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 Post subject: Re: SOLD! Victor VV-XX VTLA - $7500 (Discussion)
PostPosted: Wed Oct 21, 2020 9:26 am 
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Victor Jr
Joined: Mon Nov 18, 2019 11:13 pm
Posts: 38
Location: Louisville, KY
Every time I hear this discussion, I think back to a comment made on a forum probably 20 years ago or more. One person replied "why would I want that piece of crap sitting in my living room?"

I think there is a condition or line above which you only clean and polish and below which you do whatever is necessary. I collect and restore vintage banjos. It is pretty much accepted that the old, nickel-plated parts should be cleaned and polished. Very often, pearl inlay has fallen out over the years and must be replaced. All of this enhances the value, beauty and sometimes playability of the instrument. Indiscriminate refinishing, however, is seldom beneficial to the value of the instrument. Early violins are seldom refinished but are almost always heavily repaired and their shorter necks have been replaced by longer ones. All of this is considered acceptable.

If one studies antiques, the items that retain their value more than anything over the years are paintings, especially those by the old masters. Restoration is almost universal in this domain, particularly with the older ones. Old varnish is almost always removed as are smoke stains, etc. Areas are touched up or replaced where there has been paint loss or damage. No one would probably want to look at "The Last Supper" had it not been extensively restored. Again, all of this is acceptable and expected.

So, with phonographs I think everyone needs to decide where that line is for them. Every collector wants to obtain examples that are untouched by a restorers hand. That way, they can guide the restoration in the direction they desire. Few, however, would turn down the examples of the VV-XX's that have been presented in this discussion.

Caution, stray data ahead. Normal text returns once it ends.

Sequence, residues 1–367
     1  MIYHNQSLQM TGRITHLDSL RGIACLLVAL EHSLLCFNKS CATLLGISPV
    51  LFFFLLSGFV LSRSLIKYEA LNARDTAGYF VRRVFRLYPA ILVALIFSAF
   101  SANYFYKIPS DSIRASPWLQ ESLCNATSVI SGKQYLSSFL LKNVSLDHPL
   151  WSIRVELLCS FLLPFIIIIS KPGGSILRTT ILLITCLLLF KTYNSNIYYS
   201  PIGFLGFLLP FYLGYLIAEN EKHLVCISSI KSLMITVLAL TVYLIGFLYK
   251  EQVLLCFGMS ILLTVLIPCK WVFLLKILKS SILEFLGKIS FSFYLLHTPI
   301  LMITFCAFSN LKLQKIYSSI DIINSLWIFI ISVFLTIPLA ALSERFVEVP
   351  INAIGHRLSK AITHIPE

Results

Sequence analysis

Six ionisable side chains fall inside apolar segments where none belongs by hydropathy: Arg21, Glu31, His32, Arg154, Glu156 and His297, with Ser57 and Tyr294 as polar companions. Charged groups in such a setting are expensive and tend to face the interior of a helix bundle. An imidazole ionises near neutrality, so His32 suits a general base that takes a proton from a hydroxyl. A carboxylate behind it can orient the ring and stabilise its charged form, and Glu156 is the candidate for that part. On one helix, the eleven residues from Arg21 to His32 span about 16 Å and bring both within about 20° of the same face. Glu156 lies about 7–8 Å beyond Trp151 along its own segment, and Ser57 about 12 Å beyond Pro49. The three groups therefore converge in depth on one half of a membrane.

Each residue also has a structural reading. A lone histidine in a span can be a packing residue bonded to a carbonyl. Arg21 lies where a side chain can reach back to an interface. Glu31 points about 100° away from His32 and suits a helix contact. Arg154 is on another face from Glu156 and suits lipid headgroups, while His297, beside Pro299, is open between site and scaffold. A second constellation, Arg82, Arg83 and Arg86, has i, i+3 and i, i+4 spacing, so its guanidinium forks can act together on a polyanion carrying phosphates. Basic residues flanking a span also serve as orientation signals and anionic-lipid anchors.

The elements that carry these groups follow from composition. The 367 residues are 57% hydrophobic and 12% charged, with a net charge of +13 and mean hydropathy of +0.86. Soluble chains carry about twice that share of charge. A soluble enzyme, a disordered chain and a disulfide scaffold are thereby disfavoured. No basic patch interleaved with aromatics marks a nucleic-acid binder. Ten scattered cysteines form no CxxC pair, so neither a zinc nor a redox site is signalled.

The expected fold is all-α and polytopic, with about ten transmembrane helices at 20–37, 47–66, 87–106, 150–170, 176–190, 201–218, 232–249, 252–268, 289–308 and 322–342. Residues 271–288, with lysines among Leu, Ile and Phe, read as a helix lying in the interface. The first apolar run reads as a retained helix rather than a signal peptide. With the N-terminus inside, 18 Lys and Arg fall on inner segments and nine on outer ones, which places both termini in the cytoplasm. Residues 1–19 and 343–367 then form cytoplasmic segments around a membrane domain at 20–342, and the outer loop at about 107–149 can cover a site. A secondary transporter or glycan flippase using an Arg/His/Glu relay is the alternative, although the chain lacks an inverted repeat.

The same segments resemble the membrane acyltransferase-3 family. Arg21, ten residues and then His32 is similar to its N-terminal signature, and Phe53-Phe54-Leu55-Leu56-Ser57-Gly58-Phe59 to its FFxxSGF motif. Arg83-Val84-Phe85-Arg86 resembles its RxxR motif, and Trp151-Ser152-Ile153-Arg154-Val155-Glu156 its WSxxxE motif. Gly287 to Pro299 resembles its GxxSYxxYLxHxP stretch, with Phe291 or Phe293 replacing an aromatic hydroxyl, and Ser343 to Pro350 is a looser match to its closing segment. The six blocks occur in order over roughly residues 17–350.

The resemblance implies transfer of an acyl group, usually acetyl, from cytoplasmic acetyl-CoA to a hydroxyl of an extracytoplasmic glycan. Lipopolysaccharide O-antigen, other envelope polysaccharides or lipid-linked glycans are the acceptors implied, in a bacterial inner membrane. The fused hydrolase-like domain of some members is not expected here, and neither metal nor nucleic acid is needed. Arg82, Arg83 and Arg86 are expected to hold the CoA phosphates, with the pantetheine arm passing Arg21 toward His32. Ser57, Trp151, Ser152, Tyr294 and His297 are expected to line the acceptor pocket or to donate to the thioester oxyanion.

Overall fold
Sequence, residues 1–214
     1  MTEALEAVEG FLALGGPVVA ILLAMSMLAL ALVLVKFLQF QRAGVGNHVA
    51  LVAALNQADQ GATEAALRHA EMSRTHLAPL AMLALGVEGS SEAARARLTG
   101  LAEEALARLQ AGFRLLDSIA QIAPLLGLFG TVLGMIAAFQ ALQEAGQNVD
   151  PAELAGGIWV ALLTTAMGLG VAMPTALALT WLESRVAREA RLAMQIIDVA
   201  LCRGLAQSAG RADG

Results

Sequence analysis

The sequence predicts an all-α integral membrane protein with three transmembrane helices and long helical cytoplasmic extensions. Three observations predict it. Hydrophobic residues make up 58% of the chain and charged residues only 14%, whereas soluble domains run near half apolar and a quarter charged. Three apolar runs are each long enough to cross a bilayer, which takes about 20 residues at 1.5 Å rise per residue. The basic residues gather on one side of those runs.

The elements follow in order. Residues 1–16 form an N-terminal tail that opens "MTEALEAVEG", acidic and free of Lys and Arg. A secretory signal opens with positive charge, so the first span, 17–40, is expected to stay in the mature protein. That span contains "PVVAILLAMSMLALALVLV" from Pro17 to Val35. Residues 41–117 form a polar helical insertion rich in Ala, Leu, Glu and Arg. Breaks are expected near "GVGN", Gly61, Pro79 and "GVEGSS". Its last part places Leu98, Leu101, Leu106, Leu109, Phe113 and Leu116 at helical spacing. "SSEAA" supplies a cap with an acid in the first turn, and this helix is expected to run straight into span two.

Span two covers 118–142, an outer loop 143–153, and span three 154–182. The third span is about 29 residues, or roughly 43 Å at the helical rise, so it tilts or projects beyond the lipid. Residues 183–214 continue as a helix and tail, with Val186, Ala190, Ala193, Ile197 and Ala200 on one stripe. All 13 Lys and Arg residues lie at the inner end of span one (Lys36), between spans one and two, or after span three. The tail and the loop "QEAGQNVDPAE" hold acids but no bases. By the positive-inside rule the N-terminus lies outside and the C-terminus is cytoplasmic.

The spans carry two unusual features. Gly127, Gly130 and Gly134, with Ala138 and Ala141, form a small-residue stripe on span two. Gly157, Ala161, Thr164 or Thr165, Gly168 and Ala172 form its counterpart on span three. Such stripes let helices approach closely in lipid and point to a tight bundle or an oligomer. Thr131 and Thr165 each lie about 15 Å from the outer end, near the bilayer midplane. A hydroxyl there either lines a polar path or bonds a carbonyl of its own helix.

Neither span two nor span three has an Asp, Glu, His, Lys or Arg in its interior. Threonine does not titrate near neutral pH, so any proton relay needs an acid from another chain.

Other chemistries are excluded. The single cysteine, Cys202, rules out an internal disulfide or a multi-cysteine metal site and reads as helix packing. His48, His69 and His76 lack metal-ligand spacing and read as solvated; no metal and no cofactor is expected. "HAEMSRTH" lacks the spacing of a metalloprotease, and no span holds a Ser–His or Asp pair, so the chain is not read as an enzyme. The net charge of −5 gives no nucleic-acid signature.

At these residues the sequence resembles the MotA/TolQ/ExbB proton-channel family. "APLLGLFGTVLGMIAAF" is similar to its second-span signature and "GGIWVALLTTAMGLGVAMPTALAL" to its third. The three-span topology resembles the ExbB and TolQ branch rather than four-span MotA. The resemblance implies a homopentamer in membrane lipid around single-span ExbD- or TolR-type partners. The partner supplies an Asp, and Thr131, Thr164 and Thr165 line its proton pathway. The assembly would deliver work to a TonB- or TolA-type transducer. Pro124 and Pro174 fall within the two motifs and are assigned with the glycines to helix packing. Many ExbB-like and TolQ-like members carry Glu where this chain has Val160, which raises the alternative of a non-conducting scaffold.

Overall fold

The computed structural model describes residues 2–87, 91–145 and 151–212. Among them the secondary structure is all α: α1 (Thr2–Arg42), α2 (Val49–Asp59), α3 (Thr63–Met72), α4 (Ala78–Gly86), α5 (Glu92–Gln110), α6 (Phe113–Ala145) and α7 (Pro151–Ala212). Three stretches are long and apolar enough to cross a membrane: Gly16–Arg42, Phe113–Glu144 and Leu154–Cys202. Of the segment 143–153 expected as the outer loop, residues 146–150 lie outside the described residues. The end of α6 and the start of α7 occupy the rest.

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 Post subject: Re: SOLD! Victor VV-XX VTLA - $7500 (Discussion)
PostPosted: Wed Oct 21, 2020 1:30 pm 
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Victor VI
Joined: Tue Jan 21, 2014 12:55 am
Posts: 3113
Location: Eugene/ Springfield Oregon USA
Django wrote:
This is a forum and a place to exchange ideas, so I applaud Raphael for putting this example before us for discussion. I don’t believe that the machine was over-restored or ruined. I think that it was beautiful before and after. I also think that it is beautiful now and that it will probably hold up better for having been refurbished.

Even after so many years of working on phonographs I still feel a little strange when I take something apart knowing that it was assembled by someone long gone. You can feel the history and I try not to disturb anything more than necessary, but sometimes it is preferable.